• chiasm development;
  • transcription factors;
  • axonal guidance;
  • fluorescent tracers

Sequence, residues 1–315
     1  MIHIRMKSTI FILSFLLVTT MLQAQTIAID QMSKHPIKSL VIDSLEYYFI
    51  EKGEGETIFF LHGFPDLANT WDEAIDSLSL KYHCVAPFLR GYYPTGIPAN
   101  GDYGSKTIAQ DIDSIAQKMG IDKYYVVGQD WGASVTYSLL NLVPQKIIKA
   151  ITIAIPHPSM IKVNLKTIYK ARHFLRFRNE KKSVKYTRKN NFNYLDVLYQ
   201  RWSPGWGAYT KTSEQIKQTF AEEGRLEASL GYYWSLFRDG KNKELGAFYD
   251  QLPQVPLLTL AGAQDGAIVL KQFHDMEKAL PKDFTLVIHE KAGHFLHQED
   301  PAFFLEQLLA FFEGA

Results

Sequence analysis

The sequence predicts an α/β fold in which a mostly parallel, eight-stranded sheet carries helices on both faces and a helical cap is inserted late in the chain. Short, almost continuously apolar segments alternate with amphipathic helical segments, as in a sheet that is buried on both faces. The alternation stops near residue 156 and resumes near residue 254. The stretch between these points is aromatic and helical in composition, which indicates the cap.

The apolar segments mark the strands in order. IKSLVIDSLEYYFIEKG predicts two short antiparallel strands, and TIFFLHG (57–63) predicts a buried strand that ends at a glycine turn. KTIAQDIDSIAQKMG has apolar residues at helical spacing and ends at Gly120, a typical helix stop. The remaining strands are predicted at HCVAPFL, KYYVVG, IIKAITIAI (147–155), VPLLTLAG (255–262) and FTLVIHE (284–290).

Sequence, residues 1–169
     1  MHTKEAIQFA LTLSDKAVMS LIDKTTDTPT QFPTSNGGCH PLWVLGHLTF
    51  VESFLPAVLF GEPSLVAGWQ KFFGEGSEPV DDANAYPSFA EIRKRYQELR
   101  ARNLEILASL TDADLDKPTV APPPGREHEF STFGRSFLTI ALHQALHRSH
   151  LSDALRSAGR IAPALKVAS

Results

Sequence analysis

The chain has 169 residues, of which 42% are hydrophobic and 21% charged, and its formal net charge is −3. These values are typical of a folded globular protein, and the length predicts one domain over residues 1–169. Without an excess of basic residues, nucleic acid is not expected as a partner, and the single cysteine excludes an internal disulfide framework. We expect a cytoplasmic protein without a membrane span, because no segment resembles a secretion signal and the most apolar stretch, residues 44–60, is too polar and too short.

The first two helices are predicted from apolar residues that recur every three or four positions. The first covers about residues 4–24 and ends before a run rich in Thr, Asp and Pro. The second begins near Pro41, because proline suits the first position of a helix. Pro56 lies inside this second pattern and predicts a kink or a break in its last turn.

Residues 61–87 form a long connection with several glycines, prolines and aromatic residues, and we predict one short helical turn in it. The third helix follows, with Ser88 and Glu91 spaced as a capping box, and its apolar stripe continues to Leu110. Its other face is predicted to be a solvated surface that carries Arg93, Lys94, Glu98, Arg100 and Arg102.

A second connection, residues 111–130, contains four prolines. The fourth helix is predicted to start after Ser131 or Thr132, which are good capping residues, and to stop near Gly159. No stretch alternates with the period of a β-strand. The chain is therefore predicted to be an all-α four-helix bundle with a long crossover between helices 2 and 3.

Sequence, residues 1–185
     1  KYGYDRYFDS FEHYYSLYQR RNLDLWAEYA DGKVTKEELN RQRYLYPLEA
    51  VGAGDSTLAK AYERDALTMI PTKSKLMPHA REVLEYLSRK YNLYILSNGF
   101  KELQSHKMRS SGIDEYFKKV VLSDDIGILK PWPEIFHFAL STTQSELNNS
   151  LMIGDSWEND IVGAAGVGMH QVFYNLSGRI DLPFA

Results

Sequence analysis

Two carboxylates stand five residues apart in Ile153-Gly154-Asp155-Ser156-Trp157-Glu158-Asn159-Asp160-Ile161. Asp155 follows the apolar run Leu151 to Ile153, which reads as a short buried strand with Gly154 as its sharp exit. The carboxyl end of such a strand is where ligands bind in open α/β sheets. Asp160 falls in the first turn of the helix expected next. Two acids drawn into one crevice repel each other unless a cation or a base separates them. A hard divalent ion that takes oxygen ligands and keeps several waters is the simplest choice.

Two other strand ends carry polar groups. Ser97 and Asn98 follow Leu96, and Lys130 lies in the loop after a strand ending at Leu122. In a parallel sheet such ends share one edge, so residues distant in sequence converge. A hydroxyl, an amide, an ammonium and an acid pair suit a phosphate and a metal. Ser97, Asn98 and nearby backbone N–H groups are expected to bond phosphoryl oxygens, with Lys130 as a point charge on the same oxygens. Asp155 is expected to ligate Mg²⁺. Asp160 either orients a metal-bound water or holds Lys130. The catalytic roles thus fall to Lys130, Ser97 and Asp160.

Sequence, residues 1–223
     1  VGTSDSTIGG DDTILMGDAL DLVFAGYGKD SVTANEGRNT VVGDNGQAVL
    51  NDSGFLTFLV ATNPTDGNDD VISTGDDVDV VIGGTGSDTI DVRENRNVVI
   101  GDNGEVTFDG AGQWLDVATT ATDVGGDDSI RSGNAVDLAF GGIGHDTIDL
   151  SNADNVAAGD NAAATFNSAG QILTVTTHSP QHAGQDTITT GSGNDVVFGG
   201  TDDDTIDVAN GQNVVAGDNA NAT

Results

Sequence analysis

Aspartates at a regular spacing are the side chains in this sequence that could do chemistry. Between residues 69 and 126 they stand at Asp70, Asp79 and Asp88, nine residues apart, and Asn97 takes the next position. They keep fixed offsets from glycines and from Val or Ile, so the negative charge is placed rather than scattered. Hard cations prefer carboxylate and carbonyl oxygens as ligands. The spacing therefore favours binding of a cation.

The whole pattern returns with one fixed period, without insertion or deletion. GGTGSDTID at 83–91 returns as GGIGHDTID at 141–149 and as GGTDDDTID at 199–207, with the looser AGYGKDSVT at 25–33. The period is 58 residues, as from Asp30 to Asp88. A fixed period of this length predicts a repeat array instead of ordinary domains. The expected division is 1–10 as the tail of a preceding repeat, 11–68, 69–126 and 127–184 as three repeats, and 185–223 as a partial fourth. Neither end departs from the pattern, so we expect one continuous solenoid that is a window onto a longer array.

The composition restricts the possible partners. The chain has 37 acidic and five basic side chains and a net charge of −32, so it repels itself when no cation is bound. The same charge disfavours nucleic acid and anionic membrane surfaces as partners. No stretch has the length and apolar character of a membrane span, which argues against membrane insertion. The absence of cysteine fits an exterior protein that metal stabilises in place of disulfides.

The degree of fiber decussation at the optic chiasm differs between species, ranging from complete crossing in lower vertebrates to highly complex patterns of intermingling of the fibers from the two eyes seen in mammals and birds. Understanding the genetic control of fiber guidance through the chiasm is therefore important to unravel the developmental mechanisms within the visual system. Here we first report on early stages of chiasm formation, with pioneering axons from the left eye consistently arriving earlier than their counterparts from the right eye. This initial left–right asymmetry is transient and no functional significance is assigned to it yet. Secondly, we examined formation of the chiasm in relation with the expression of the transcription factor Pax-2 along the ventral eye cup and optic nerve stalk. Finally, in order to examine causal involvement of Pax-2 in chiasm formation, the gene was overexpressed along the neuraxis and in the eye cup at embryonic stages preceding the exit of axons from the eye, and hence arrival of axons at the chiasm. When studied with neuroanatomical tracing, Pax-2 overexpression resulted in visibly anomalous decussation of axons at the chiasm. A likely consequence of this perturbation was erroneous arrival of axons at the tectum, as observed by anterograde staining from the retina. These data suggest that balanced expression of Pax-2 results in the correct formation of the chick chiasm at early stages by imposing accurate pathfinding within the optic stalk and the midline. © 2004 Wiley Periodicals, Inc. J Neurobiol 59: 8–23, 2004